I didn't realize the R.D. Murray got gobbled up by one of the big boys. When I was at the Spartan plant, almost everyone of the cabs sitting on the lot (And I mean sitting in the parking lot) were from Cincinnati cab. What model cab is Marion making for E-One? When we were at the E-One plant recently, they only build ON other selected cabs and chassis, and that list isn't very long. Not meaning to be argumentative Batt. 2, but prior to Pierce building their own ladders, they used ladders made by (Pardon my attempt at spelling, not sure how its spelled) Keonosha Crane Co. I kid you not. I probably didn't spell it right but it was a crane company I swear. Anyway, to all a good and safe New Year. Be safe.
12-29-1999, 06:59 PM #8fireferretFirehouse.com Guest
Ok, shed a little light on the whole cab issue. Not all Spartan cabs are aluminum. The City of Ithaca Fire Department has on order their 2nd & 3rd stainless steel spartan gladiators. They're a special order. Both Marion and TCM build cabs for Spartan, but the Spec was written by Spartan. The E-One Sentry II cab is basically the same cab as a Spartan Metro-Star. Pierce, Spartan and E-One all build excellent cabs (mostly aluminum) and although a little dated, Seagrave's is still one of the best built (but heavy.) Berwyn Heights' Truck/Rescue 14 just got a new Saulsbury Heavy Rescue on a Stainless Seagrave (answer's the question about what you can get a Saulsbury on.) Don't know about Pierces' original aerial's, but they used to build on Sutphen and LTI. However, Aerialscope (now owned by FWD, who owns Seagrave) builds the strongest, longest lasting boom and they use the same box construction used in most crains.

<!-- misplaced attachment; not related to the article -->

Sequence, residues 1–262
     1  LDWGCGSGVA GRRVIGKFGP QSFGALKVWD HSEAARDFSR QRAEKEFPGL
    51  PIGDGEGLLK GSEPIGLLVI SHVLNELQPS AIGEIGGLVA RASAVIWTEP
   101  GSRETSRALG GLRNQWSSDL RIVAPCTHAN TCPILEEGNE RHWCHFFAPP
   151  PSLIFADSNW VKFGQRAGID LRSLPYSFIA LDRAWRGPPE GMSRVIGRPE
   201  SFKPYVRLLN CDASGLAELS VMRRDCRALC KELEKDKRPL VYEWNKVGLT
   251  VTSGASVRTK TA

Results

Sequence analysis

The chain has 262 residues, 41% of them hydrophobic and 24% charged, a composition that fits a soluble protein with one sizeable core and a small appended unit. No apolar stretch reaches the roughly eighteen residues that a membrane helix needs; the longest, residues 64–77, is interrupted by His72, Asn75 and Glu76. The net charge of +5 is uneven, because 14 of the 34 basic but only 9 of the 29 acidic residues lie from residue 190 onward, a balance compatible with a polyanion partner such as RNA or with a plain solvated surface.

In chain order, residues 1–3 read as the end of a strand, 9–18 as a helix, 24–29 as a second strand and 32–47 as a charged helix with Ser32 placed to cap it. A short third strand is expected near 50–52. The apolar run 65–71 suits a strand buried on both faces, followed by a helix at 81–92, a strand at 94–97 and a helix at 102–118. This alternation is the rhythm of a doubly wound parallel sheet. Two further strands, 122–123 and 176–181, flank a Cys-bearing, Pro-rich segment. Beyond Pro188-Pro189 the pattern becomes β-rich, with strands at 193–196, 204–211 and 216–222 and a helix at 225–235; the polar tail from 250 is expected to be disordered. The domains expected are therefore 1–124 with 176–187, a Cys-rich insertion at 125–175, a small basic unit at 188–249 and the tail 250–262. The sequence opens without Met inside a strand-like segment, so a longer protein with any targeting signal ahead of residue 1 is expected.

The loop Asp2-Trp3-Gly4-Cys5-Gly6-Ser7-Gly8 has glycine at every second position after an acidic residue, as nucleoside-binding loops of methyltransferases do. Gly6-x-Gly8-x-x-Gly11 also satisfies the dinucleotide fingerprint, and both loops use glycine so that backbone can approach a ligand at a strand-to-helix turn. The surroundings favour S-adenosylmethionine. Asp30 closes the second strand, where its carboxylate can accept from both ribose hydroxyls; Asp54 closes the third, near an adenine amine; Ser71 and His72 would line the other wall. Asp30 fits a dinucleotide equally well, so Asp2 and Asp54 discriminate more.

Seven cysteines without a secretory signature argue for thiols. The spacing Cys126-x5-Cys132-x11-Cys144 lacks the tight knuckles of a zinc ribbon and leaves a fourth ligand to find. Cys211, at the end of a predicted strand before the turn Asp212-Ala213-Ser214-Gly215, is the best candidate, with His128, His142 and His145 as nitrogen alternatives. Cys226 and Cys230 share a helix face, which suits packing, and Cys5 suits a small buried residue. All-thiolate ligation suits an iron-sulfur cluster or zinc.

12-29-1999, 09:41 PM #9Batt #2Firehouse.com Guest
STA2 YOU ARE CORRECT ON THAT ISSUE. THE COMPANY IS LOCATED NORTH OF THE PIERCE PLANT IN WIS. I CAN,T SPELL IT CORRECT EITHER. THE COMPANY DOES MAKE CRANES FOR LARGE SHIPYARDS AND THE LOGGING INDS. THE PIERCE LADDERS ARE WELDED AT THIS PLANT AND SHIPPED TO THE APPELTON PLANT FOR INSTALLATION. AS WELL AS I KNOW THE WELDING IS PERFORMED BY AND QUAILITY CONTROL IS BY PIERCE WORKERS.
AS YOU CAN TELL I HAVE PIERCE BLOOD IN MY SYSTEM. NO PROBLEM WITH TELLING ME ABOUT THE CORRECTION ON THING ABOUT THE FIRE SERVICE IS EVERYONE HAS AN DIFFERENT VIEW OR IDEA. KEEP IT BURING TILL WE GET THERE TRACEY
12-29-1999, 11:29 PM #10Brian PrattFirehouse.com Guest
Our "Custom Fire" engine bodies are great but the Peterbuilt cab and chasis leave somthing to be desired. They were an attempt to save our small city some money. The more small companies that get gobbled up might leave smaller cities with less to choose from. But I am happy to say we are budgeted for a top of the line tower-ladder next year. I am hoping for E-One, still the safest ladders on the market. The bid winner will be anounced soon. It also helps to have specific dealers in your districts, they try harder to give you a better deal.
My views...not EFD
[This message has been edited by Brian Pratt (edited January 04, 2000).]
12-30-1999, 12:21 AM #11SBrooksFirehouse.com Guest
Yes we've got a Seagrave / Saulsbury... but Saulsbury bid on it before they were completely and finally owned by E-one. I'd be suprised if they do anymore bodies for other chassis manufacturers.